When it is very dark, we miss “Save Darfur” (2004) (2-2)

Abdullah Ali Ibrahim

“If you want today, when Darfur is in this difficult situation, to see what the Save Darfur organization believes is working with it, you will find its website is still online, but, according to its people, it is not activated.”
The editor of the New York Times, author of the book “Artillery of Journalism” (1967), James Rustin, said that news is not something abstract except at the end point among its receivers, but in its area of origin it is relevant to sociology. That is, the news comes out to the world from the core of a social entity with the imprint on it from the relationships of a social entity. But these contexts are removed from the news as it reached the audience who replace it with another sociology, emanating from the sociology of those who hear it from the media.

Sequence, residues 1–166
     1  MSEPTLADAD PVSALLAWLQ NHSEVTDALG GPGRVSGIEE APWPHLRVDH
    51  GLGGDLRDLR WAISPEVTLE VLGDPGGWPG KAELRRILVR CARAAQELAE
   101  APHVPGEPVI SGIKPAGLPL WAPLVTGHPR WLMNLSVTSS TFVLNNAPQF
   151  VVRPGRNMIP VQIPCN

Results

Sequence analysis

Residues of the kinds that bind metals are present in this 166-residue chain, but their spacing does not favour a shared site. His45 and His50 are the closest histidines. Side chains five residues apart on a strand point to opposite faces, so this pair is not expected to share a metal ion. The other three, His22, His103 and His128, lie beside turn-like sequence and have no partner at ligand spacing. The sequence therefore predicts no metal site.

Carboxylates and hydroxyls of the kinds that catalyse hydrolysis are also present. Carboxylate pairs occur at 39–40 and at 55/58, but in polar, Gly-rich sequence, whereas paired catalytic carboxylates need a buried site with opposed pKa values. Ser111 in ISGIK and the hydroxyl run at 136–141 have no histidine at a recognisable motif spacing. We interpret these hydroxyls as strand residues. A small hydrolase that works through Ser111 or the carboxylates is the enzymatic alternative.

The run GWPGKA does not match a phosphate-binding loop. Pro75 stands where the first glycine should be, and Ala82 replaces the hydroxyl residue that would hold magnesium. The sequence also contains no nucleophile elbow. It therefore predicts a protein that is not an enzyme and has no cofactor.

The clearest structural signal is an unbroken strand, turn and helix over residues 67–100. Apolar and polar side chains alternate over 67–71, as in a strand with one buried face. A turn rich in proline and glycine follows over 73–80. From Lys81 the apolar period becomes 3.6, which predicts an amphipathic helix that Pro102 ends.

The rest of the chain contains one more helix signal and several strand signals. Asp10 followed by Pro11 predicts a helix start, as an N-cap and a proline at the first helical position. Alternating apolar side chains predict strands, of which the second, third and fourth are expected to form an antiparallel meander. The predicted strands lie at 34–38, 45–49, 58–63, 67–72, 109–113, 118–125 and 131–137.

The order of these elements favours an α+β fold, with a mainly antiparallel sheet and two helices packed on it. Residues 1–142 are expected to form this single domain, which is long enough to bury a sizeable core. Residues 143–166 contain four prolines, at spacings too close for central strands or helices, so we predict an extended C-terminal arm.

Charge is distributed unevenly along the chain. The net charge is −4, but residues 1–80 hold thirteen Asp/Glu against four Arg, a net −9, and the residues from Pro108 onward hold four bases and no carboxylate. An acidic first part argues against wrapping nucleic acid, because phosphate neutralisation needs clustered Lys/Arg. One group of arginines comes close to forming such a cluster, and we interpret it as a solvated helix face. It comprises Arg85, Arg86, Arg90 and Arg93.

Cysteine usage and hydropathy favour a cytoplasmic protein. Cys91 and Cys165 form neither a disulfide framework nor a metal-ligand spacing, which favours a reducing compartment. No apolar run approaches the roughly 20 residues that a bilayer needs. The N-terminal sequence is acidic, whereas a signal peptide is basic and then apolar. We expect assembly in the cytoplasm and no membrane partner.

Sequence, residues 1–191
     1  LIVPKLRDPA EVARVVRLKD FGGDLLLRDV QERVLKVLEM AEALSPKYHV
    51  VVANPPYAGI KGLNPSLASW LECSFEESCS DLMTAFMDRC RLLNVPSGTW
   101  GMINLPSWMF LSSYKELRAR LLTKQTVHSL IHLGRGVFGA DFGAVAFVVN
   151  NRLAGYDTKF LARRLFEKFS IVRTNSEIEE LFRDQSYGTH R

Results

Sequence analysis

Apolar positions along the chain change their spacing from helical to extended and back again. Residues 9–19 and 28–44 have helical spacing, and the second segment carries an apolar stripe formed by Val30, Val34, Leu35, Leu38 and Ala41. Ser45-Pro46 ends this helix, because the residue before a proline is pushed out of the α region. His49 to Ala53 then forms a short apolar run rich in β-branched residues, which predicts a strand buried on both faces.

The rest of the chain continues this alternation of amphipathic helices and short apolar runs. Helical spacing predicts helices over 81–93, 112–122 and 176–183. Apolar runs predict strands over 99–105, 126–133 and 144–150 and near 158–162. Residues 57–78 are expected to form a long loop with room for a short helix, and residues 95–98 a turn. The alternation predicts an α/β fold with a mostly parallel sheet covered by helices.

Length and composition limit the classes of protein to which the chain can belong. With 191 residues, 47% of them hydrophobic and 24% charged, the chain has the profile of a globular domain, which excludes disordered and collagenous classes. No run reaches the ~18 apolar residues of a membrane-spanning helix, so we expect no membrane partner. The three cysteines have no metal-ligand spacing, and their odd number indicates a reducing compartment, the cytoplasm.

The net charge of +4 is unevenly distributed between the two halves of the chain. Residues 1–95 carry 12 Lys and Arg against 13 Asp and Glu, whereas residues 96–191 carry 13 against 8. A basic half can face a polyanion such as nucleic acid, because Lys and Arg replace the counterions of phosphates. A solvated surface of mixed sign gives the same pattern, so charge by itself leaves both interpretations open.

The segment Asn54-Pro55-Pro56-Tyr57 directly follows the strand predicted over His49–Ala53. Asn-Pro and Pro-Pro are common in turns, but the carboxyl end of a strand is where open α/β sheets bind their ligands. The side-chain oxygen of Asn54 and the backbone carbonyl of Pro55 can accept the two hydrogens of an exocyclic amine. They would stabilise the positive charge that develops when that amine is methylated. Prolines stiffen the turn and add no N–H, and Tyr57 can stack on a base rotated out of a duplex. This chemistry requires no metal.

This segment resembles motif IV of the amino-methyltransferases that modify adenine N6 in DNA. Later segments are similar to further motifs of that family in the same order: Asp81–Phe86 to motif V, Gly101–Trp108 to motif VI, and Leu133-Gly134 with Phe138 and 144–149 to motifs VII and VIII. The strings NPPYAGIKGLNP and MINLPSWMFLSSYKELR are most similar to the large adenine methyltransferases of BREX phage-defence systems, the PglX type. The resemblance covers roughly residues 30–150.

And am not aware of any academic such as the Ugandan academic Mahmoud Mamdani who was able to handle this distinction between the news and the sociology when he debated the distinction between news and its sociology in his book “Saviors and Saved: Darfur, Politics, and the War on Terrorism” (2009). He subjected the quality of knowledge -about Darfur behind the activity of the American “Save Darfur” organization, which was established in 2004 to express solidarity with Darfur during its first catastrophe- to the test of the paradox between the news at its origin and the news in its endpoints among the audience. And you will find that he hitz the target, verily.